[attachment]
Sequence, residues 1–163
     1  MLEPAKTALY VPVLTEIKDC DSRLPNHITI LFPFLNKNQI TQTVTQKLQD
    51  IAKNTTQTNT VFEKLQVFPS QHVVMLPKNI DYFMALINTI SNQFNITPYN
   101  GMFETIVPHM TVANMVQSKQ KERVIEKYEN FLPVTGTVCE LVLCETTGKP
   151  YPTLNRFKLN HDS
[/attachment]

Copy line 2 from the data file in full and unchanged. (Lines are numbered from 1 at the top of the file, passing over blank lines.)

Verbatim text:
     1  MLEPAKTALY VPVLTEIKDC DSRLPNHITI LFPFLNKNQI TQTVTQKLQD